oils found in the leaves of the coriander plant, commonly known as
cilantro, may have antimicrobial properties.
For the first time,
cilantro is on the list of foods with high pesticide levels.
It's yet another herb which consumers should be purchasing organic.
Testing by federal scientists found 33 unapproved pesticides on 44
percent of the cilantro samples tested.
Cilantro is an excellent source of minerals like potassium, calcium,
manganese, iron, and magnesium. Fresh leaves should be washed
thoroughly in water in order to remove the dirt and to get rid of
any residual pesticides which can be harmful for health. It is best
used while it is fresh as it retains its unique fragrance and
Freshly chopped coriander leaves are a
great addition to green salad.
The leaves have a different taste from the seeds, with citrus
However, many people experience an
unpleasant soapy taste or a rank smell and avoid the leaves. The
different perceptions of the coriander leaves' taste is likely
genetic, with some people having no response to the aromatic
chemical that most find pleasant, while simultaneously being
sensitive to certain offending compounds.
An entire website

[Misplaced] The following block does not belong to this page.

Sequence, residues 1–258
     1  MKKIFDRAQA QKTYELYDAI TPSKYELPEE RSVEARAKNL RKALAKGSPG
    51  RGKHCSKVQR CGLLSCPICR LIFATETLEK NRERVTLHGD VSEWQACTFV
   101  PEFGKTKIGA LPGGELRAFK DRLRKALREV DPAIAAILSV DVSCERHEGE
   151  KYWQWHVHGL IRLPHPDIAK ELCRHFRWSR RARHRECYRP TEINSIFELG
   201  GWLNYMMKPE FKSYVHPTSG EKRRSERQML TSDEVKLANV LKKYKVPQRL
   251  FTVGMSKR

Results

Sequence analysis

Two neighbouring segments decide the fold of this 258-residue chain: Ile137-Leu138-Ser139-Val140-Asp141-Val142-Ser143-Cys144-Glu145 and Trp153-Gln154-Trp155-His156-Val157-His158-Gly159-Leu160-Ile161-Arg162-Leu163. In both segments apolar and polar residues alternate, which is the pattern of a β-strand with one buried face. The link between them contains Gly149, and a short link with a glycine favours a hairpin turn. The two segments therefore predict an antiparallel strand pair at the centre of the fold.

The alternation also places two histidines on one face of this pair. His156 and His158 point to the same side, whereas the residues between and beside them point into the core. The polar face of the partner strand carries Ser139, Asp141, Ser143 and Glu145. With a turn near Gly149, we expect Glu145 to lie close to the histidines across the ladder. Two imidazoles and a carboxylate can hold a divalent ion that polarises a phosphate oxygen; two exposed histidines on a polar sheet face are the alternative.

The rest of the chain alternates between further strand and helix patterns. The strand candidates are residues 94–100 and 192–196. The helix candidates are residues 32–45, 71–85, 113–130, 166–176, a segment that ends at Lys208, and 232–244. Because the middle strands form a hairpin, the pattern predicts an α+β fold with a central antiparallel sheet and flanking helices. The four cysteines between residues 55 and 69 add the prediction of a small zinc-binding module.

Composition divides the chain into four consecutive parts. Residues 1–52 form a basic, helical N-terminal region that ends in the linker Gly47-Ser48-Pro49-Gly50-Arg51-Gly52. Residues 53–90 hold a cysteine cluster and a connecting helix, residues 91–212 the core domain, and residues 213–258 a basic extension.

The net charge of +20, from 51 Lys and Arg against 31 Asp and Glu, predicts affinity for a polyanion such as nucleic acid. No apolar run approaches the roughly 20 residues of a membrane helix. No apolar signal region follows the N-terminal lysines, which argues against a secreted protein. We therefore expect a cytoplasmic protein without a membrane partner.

I Hate Cilantro.com is dedicated to those who despise the taste.
One quote on the front page states,
"No normally functioning human being
would ever in a lifetime consider cilantro edible."
The website has over 4000 members with
what appears to be hundreds of stories of people explaining why they
Some people may be genetically predisposed to dislike cilantro,
according to often-cited studies by Charles J. Wysocki of the Monell
Chemical Senses Center in Philadelphia.
But cilantrophobe genetics
remain little known and aren't under systematic investigation.
Meanwhile, history, chemistry and neurology have been adding some
valuable pieces to the puzzle. Some experts estimate that in the
United States alone, more than 20% of people may have sensitivity to